Scientists have developed an electronic tongue that can 'taste' spicy foods more accurately than humans.
Spicy food wears out taste buds quickly. This can be a problem for people who make and sell spicy food.
"At low concentrations, or low spiciness, it's hard to discriminate between two samples," said Courtney Schlossareck, a graduate student at Washington State University in the US.
"It's also hard to tell a difference between two samples at high concentrations," said Schlossareck.
The e-tongue's ability to differentiate between the spiciness of foods could come in handy for industry, according to a study published in the Journal of Food Science.
A problem with testing spicy foods is that people can only test a few samples before their taste buds give out. After a few bites, taste buds can not distinguish differences in taste at all.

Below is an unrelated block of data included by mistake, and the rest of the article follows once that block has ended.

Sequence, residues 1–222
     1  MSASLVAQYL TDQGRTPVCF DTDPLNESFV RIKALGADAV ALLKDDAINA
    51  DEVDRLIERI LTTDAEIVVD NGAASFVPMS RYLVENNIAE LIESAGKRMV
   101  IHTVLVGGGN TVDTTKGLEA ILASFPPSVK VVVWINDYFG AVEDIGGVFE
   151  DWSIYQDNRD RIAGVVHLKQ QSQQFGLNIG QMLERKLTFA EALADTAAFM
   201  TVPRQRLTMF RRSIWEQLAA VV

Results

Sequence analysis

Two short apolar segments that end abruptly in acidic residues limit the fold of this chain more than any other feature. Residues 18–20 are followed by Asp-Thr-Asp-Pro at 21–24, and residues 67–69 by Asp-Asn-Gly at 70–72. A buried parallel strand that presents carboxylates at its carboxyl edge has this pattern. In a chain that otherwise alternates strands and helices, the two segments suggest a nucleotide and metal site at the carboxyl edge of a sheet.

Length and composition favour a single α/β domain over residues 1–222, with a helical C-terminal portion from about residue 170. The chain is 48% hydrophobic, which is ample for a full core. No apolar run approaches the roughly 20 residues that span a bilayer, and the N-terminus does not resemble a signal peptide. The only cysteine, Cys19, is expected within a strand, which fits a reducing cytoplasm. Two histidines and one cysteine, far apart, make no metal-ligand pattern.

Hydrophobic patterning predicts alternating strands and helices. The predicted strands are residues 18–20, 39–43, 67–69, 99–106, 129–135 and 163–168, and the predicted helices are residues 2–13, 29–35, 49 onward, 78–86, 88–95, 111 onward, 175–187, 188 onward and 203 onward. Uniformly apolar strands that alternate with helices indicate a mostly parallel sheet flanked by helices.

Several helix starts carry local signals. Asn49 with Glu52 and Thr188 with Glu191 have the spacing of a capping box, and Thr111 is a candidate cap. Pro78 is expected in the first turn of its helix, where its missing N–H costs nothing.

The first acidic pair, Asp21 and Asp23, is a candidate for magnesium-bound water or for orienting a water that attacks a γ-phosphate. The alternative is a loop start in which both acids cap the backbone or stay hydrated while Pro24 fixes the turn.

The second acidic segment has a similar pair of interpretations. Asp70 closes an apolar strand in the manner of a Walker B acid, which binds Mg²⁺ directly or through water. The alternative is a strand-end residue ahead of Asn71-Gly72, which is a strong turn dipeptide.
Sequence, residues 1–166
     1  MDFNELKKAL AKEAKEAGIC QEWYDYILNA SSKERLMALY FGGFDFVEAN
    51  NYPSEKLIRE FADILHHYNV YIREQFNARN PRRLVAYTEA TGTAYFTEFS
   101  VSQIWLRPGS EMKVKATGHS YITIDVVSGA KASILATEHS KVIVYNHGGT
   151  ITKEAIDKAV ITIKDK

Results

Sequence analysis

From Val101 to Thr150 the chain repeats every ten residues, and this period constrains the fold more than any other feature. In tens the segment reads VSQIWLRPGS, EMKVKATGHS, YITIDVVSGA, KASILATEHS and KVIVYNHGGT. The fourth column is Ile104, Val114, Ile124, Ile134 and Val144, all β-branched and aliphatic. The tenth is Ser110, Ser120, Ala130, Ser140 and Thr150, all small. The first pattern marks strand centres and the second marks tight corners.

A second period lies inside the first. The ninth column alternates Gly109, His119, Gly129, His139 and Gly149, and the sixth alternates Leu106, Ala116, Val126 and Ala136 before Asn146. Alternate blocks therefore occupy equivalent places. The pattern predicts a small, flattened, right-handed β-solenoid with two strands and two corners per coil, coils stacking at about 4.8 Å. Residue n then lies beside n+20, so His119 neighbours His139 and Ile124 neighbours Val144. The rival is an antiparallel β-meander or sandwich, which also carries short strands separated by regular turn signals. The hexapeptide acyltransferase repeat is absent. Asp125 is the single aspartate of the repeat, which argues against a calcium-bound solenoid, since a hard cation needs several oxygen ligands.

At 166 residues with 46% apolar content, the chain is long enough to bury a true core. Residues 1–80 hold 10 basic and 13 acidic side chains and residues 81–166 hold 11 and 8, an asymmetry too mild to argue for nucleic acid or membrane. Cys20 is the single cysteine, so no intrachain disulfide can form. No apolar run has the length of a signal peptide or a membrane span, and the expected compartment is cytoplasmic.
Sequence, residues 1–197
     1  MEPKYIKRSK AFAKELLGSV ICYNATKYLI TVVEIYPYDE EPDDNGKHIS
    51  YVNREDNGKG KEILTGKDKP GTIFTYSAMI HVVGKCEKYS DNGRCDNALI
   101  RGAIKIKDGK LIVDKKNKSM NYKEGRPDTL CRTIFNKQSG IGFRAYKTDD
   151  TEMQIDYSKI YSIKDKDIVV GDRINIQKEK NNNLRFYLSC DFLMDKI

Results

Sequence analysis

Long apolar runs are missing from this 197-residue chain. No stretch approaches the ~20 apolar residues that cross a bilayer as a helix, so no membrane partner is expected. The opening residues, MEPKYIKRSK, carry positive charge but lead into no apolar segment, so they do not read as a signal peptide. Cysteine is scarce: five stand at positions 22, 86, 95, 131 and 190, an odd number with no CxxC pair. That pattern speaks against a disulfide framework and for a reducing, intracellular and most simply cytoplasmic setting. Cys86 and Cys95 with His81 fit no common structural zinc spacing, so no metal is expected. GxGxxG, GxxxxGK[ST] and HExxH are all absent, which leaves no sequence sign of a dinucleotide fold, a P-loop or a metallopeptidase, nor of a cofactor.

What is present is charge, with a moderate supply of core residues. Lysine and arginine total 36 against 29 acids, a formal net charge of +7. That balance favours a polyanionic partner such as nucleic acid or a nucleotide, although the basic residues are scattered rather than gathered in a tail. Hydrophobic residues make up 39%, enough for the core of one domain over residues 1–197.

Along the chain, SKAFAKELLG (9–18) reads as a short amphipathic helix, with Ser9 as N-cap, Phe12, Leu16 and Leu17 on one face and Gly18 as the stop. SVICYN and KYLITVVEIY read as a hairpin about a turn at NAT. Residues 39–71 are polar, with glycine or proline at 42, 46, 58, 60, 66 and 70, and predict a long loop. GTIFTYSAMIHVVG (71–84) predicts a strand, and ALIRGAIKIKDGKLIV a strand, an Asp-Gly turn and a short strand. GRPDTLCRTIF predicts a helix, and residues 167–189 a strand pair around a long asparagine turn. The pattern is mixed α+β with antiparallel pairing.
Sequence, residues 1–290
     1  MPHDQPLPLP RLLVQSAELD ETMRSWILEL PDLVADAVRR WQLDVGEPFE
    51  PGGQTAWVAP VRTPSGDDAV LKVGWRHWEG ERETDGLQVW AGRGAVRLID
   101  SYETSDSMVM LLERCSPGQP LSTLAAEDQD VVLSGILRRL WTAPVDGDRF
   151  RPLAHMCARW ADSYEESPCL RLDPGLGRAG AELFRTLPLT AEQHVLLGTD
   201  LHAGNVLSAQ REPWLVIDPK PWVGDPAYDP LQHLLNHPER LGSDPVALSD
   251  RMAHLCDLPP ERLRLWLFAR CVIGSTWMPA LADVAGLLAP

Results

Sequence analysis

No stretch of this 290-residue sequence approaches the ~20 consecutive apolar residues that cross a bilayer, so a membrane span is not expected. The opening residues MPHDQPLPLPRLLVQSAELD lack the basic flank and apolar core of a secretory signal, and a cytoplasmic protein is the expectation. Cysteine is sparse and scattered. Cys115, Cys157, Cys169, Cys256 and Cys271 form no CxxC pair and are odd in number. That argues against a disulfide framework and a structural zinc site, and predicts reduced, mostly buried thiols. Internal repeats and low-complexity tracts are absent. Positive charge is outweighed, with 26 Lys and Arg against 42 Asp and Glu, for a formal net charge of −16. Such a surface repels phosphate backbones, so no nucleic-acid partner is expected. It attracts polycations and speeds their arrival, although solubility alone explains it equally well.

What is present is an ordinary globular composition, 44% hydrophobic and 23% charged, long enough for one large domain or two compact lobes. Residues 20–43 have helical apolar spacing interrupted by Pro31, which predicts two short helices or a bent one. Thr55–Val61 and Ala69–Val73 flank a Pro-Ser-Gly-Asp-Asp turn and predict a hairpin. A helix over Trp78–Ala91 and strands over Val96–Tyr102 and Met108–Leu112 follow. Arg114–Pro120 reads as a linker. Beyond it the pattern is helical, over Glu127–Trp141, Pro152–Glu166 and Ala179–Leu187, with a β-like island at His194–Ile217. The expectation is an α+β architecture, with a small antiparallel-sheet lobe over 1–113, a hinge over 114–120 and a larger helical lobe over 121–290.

However, the e-tongue can handle as much heat as any scientist can throw at it and maintain accuracy.
"This would allow testers to narrow a selection down to two or three samples for a human tasting panel if they start from 20 different formulations," Schlossareck said.
"That would take days to do with people tasting them," she said.
That is because real people need to wait at least five minutes between samples. Even then, only a few samples can be tested because the spiciness lingers and can throw off results, she said.
(This story has not been edited by Business Standard staff and is auto-generated from a syndicated feed.)